Weekly Macro Minute

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GuideStone Reflections

So Ruth left and entered the field to gather grain behind the harvesters. She happened to be in the portion of the field belonging to Boaz, who was from Elimelech’s family…. Boaz asked his servant who was in charge of the harvesters, “Whose young woman is this?”

(Ruth 2:3, 5, CSB)

We saw last week that Naomi and her family had fled to Moab to escape the famine in her native Israel. After she had lost her husband, Elimelech, and her two sons, she returned to her homeland penniless with her faithful daughter-in-law Ruth in tow.

According to law, those in need could follow behind grain harvesters to glean for themselves what had been left behind, so Ruth found a field ripe for harvest and went to work to provide for them both. When Boaz learned about her, he ensured that she received a special status among the gleaners for the rest of the harvest.

What a coincidence! Out of all the fields surrounding Bethlehem, she just happened to land in the very field owned by her mother-in-law’s kinsman, and at just the right time for Boaz to catch sight of her. And from Ruth’s immediate perspective, it was an amazing coincidence.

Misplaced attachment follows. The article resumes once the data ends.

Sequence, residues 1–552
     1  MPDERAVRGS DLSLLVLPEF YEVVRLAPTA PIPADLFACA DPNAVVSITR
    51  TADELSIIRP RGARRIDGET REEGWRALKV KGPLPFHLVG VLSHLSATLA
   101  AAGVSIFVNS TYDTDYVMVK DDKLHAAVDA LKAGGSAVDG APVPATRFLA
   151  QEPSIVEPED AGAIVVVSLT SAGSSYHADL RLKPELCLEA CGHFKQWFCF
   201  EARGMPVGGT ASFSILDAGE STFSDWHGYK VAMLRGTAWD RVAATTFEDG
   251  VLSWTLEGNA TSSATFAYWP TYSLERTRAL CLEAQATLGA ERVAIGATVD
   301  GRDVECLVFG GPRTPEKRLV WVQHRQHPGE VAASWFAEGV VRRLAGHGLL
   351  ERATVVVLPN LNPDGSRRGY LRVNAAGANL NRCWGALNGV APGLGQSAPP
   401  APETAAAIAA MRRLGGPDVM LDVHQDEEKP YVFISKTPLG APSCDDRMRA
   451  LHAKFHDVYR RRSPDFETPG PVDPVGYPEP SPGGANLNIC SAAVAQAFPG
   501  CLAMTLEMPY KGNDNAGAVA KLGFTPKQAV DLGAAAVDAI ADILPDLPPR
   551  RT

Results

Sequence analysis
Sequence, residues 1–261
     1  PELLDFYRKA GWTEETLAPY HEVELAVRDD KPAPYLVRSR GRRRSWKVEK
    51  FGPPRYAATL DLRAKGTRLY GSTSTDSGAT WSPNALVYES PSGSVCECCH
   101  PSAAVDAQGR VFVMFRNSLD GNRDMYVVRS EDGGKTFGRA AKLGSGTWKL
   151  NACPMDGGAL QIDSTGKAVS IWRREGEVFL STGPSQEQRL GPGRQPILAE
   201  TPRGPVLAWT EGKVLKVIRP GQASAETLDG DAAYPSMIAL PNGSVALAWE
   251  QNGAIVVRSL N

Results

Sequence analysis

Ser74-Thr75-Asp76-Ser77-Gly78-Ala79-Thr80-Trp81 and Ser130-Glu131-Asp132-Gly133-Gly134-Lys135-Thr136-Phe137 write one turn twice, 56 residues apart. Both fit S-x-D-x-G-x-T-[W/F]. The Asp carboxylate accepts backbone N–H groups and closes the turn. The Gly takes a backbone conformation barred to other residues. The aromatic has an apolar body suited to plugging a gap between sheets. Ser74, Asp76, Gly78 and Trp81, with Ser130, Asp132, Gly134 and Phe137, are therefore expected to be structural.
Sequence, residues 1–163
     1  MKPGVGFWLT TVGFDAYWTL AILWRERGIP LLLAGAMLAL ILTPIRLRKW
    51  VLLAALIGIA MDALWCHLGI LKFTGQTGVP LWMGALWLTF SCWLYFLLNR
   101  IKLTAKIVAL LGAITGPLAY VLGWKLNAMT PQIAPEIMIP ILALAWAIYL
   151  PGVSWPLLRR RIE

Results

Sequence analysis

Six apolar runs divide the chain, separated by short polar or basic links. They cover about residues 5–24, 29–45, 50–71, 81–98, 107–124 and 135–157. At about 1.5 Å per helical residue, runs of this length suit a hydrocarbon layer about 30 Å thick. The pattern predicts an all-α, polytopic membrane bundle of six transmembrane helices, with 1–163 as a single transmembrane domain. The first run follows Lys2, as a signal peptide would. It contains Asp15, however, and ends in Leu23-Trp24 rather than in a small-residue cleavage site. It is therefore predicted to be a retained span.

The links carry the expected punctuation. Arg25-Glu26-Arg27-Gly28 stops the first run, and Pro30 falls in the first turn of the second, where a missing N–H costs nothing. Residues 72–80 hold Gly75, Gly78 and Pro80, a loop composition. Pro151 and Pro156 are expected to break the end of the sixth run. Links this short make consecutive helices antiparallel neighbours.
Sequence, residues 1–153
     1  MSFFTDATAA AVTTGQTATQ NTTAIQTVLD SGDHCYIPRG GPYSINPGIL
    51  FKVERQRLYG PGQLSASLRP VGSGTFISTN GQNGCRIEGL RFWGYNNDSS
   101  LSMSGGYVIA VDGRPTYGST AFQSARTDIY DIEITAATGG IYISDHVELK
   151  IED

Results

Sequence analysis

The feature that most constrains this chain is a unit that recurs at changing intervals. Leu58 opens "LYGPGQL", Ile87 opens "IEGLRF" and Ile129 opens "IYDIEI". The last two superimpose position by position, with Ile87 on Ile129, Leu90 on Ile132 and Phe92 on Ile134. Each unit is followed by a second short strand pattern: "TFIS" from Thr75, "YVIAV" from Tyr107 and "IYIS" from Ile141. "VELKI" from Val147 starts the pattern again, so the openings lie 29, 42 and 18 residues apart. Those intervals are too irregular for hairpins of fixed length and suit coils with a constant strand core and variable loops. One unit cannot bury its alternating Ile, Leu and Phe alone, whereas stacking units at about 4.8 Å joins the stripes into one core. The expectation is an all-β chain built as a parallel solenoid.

But in our world, there is no such thing as coincidence. Throughout the story, our anonymous narrator has been subtly pointing at God’s Providence – His invisible hand working behind the scenes to weave together seemingly unconnected events solely for the purpose of taking care of his people.

Wherever you may be in life, you can rest assured that He’s always moving to take care of you. He did it for two poor widows 3000 years ago. He’s still doing it today.

The story continues next week…

In the Economy

Over a holiday-shortened week, U.S. equities bounced back last week and put up close to a 2% gain on the back of optimism that the Fed will be able to successfully curb inflation – although what it will take to do so and how long certainly remains an open question. On the Federal Reserve front, officials continued to publicly state their plan to raise rates as much as necessary to mitigate inflationary pressures with Fed Governor Christopher Waller stating at an economists’ conference on Thursday that “we’ve got to chop this off now.” By the end of the week, federal funds futures were pricing in a 100% chance that the Fed would hike rates by 75 basis points at its next policy meeting, with a slight chance of a 100 basis points move.